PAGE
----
Why no heat pump?

Dr. HVAC or How I Learned to Stop Worrying About Not Having A Heat Pump

So I tried to use my shiny new GDS2 tool (the same diagnostics tool that GM mechanics use) to look at what the car reports for HVAC power usage. There’s a TON of data in here, including a lot about power usage.

Unfortunately, it looks like the A/C power details are completely incorrect in the GDS2 tool. I don’t know what data it’s pulling, but it doesn’t seem to be pulling the correct data. Power usage for the A/C floats between 0.4 and 1.1kW pretty much any time the HVAC system is on, even if it’s on full blast heat. A different A/C power usage metric shows up to 7.2kW used by A/C – when heater is on full blast… so, yeah, those numbers aren’t reliable.

So, I took a look a different way. The main HV battery current usage seems reliable, and flips between 0.3A and 0.6A (it only has 0.3A increments), meaning that idle power draw is somewhere around 100-250W when the car is idle. Note that there would be at least some 12V battery charging with this as the car had not been turned on for a day. This is the same metric that you can pull via OBD2, however in this tool it updates live so that you can see it more accurately.

With the heater cranked full power “HI”, I can see 22A maximum at 370V and, while still at maximum, it settles down to about 18.6A after a minute. That’s 6600-8000W taking out the idle power – right around where we expect it since the maximum heater power reports as 7500W. The *average* draw will vary significantly, but is usually in the 2000-3500W range depending on how cold it is outside and how warm you want it inside.

Now using the A/C at full blast “LO”, it will only go up to 2.4A peak, and settles in at 2.1A. That’s 750W. I couldn’t get it to go any higher than that, and it was getting cold quickly in the cabin. Having said that, even turning up the temperature a little only dropped it to 1.5A. I’d have to do this again during the summer to figure out what the average power draw would be, but I’d hazard it probably won’t vary that much. Let’s call it 500W average.

So, this answers a couple questions – first, the A/C takes 1/10th the power as the heater at full blast, and around 1/4th to 1/7th the power as heat for normal usage.

However, that doesn’t mean that having a heat pump would only cost 1/4 to 1/7th the power…

The second answer is – putting in a heat pump instead of a resistive heater means that it would require a much larger unit.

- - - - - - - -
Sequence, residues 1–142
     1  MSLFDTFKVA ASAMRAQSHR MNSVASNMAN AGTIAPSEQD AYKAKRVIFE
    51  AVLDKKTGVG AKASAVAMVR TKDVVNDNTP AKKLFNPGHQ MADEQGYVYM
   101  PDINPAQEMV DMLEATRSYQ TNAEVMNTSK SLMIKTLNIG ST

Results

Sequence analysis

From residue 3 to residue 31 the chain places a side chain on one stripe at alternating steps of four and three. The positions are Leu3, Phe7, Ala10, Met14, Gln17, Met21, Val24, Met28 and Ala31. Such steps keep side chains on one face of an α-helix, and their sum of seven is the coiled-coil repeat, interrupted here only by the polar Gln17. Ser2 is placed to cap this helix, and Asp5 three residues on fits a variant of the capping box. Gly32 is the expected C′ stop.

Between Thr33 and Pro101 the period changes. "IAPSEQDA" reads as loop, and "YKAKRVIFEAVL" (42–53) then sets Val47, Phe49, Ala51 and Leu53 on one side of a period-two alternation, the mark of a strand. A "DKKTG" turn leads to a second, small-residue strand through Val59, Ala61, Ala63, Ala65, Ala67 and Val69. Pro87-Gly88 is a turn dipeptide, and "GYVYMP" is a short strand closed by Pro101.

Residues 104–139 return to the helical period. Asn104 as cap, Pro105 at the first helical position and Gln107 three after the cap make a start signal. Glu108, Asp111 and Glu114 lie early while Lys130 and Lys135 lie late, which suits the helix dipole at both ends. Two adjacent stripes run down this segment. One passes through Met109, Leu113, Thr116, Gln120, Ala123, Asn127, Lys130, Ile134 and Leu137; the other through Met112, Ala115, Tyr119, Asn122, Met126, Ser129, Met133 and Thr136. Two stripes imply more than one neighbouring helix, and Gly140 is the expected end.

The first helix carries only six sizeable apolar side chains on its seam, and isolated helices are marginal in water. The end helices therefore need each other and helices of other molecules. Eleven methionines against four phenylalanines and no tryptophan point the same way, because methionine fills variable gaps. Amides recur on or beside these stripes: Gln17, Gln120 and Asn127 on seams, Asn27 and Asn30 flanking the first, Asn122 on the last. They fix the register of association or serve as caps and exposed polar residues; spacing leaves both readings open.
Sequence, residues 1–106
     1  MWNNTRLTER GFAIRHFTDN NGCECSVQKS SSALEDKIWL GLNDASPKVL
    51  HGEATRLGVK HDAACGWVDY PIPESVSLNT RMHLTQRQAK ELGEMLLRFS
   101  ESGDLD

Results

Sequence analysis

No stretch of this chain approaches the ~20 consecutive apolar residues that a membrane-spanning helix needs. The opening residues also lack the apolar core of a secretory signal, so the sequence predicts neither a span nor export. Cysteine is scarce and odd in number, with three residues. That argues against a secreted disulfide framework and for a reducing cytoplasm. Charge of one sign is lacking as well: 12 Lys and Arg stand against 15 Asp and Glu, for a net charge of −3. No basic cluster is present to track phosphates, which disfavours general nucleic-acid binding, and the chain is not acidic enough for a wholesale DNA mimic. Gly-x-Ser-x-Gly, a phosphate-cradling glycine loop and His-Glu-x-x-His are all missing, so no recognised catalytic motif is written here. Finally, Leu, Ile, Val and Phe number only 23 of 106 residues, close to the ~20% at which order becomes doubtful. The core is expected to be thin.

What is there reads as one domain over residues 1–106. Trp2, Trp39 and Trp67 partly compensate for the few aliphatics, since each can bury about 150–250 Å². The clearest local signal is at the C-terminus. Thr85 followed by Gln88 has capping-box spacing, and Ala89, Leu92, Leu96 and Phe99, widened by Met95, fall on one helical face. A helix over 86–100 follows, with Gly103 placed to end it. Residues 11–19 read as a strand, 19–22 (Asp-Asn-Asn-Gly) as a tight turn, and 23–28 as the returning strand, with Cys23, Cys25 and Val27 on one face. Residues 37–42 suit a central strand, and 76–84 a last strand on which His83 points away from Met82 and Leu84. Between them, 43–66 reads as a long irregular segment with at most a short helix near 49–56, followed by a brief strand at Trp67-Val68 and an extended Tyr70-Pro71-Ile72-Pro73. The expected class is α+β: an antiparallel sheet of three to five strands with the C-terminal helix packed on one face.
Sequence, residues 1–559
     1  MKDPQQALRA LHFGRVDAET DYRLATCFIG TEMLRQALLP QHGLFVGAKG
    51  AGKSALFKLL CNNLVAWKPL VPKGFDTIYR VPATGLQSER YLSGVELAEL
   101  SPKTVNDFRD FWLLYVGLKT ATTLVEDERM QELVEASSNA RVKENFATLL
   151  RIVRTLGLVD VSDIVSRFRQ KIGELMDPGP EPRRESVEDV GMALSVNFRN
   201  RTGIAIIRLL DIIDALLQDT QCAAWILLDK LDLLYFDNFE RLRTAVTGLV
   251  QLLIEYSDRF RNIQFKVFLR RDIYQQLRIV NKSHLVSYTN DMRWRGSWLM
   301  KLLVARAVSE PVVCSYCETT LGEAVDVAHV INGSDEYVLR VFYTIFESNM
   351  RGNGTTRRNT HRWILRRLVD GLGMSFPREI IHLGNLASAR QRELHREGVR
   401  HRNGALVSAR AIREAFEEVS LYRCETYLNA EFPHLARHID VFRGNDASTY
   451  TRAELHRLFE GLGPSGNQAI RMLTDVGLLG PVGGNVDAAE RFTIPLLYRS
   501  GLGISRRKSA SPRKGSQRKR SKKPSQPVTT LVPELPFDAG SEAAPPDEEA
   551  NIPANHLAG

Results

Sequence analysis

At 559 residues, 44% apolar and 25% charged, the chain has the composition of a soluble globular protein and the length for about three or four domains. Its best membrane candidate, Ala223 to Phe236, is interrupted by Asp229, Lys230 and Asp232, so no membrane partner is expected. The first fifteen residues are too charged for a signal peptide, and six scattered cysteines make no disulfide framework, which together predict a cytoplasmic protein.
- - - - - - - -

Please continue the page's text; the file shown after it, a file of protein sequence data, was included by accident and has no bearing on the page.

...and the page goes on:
A heat pump is generally about “300% efficient” – meaning that it could put out 2250W of heat at a cost of 750W. However, this is only in good conditions – meaning only about a 10C/18F temperature rise. It gets exponentially worse as you need more heat. Considering that your heater needs to work when it’s cold, a 20C/36F delta drops that to 150% efficient, and a 30C/54F delta drops that to 100% efficient – in other words, it could only put out 750W of heat at a cost of 750W.

So there’s the crux – the time that you want it the most, it’s useless. When it’s 0F outside and we are upset with losing 30-40% of our range, at the time when we need the most range savings, a heat pump is an expensive paperweight, and won’t save us anything.

This data is backed up even by manufacturer claims – According to Bosch, a heat pump drawing 1kW will generate the heat equivalent of between 2-3kW – but looking at their data sheets also shows about a 60F maximum heat delta.

Since we know that, at minimum, we’d want at least 3500W of heat available, we’d need a heat pump unit 3-4x the size as our air conditioner, or we’d need one 2-3x the size plus still have a resistive heater.

This would definitely increase the cost – Nissan charged $1400 USD for this option (and still needed to have a resistive heater too), and doesn’t heat up as quickly as the Bolt. During mildly cold weather you really only save half of the heating energy needed (1-2kW), and during really cold weather you don’t save anything. Since the Leaf had half the range as the Bolt, that’s double the impact.

Considering how Big the Bolt battery is, It’s not hard to see why GM just decided that it wasn’t worth making it an option.

One thought on “Why no heat pump?

  • April 6, 2020 at 5:13 pm
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    As a former Kia Soul EV (1st gen) owner, I’m not upset that my Bolt and my Kona don’t have a heat pump. On most cold mornings, especially near or below freezing, it would have to run the resistive heater anyway. The heat pump might have run when the car was already warmed up, but it took it most of my commute to warm up.

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